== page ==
to the whole of Siberia and tor the most part cross over on the one side into Europe, and on the 
other into America. The remaining 94 jdants are completidy arctic typi's. Miudi more than 
ball' of tlieiii (54) are met with o\cr the wlnde pdjar zone, alike of the Old and (d' the New 
World, and in pari come [dith upon the alps (d the Altai Sayan range; but some are pecul- 
iar to Siberia alone (12), or only ap|)ear outside in Europe (10), or more frequently in Amer- 
ica (18 spe<'ies). To ihe lallei', for example, bcdong of the crow's I'oois (raniinculaceae): ra- 
nunculus alTinis U. Uv.: of ilie cnndfers, (ciiicifereac): draba pauciflora K. Br., dralia glacialis 
Ad., drat)a algida Ad., draba rupestris 11. \k., hesperis llookeri Led., sisymbrium soplii(ddes 
Hook.; of the caryophyllac(>ae (alsineae): alsine macrocarpa Eetizl., alsine arctica Fisch.; of the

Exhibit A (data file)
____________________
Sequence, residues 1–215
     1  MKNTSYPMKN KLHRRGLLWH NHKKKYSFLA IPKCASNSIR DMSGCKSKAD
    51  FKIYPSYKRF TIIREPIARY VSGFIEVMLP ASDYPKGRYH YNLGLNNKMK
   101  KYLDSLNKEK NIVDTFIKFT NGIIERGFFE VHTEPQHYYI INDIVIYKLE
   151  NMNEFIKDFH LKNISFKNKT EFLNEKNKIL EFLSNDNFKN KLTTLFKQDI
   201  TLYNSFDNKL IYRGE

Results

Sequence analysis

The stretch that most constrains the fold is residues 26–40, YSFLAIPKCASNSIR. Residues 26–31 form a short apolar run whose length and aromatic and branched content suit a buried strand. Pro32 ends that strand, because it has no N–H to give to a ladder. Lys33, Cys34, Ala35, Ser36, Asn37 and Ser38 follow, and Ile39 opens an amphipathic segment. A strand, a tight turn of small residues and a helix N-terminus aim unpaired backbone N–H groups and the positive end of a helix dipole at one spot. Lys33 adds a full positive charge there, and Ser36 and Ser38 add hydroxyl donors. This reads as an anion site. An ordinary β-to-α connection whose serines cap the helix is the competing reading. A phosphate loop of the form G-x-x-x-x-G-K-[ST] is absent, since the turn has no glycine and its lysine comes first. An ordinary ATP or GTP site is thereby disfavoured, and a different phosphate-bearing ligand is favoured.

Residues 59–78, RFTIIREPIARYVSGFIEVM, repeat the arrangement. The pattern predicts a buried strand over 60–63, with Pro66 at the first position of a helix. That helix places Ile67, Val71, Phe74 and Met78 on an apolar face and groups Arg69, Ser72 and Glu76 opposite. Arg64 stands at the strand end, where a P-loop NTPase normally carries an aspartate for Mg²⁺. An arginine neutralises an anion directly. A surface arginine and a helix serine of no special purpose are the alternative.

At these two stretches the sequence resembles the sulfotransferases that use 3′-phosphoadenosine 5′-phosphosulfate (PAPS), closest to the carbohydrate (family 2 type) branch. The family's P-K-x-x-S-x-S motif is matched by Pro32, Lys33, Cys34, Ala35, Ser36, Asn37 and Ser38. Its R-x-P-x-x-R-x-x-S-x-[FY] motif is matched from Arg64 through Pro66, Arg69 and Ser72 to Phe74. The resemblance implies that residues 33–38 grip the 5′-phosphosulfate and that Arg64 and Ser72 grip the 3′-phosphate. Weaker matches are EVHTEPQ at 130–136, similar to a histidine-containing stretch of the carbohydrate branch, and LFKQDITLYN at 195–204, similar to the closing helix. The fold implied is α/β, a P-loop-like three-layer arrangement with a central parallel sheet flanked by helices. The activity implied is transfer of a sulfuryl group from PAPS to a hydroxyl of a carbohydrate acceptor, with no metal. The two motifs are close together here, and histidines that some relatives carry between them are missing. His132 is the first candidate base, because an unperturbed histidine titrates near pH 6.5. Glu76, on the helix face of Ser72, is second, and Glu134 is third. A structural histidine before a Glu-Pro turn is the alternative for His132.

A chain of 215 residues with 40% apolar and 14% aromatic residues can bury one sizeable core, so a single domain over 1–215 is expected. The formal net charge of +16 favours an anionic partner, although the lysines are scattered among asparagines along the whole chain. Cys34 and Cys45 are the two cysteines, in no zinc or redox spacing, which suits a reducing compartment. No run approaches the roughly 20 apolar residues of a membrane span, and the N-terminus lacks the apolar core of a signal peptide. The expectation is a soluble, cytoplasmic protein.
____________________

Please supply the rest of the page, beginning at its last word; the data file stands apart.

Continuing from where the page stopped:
pea family (leguminoseae): oxytropis nigresceiis Fis(di.: of the rosaceae: sieversia glasialis 
Iv. Ifr.; (d' the stone crops (saxifragaceae): saxifraga serpyllifolia Pursli. punctata L.; of 
the scrojihnlariaceae: pediciilaris [.angsdoiffi Fisidi.. pediciilaris capitala Ad. 


Tli(! iusoci Imiiiii lulluw'.s oil I 111! wlioli! thii saini) laws a.s tbo Hora, but in tlio Sayau 
raiij.'(' it, is soinowiiat pdonT than in llie Altai, and on the slope presents less difference from 
the fauna of Die Altai slope than does the llora. Highly eccentric arctic forms are met with 
amoiif,,' the coleoptora devoid of lli^'lit, as for <;xarnpln the carabidae: carabus Baerii Men., 
lypcroplioriis rribelliis Men., lyperoplionis costatiis Men., j)latysina borealis Men. Xoi lt;ss 
peculiar are the lulinwiiij,' arctic fornis (d' other categories of insects, of the mollis (lepidoptera): 
amphiiliisis iiidiisciata Men.; of hyinenoptera: ichiieiinioii Middendoi-fii Er., ichneumon lit.'ulii> 
I'll-.: Ill' the di|)tera: miisca buganidae Er., anlhoinya wrsiila l-^r., lisjie fiiL'iii;i Er., neplnotoma 
cii|iiiliiiiia Va:. Ill I lie iH'iiniptera: hemorobius algidus Er. 

As the forest and polar tiimlra zones in Eastern Siberia reach their full tlevelopnuMit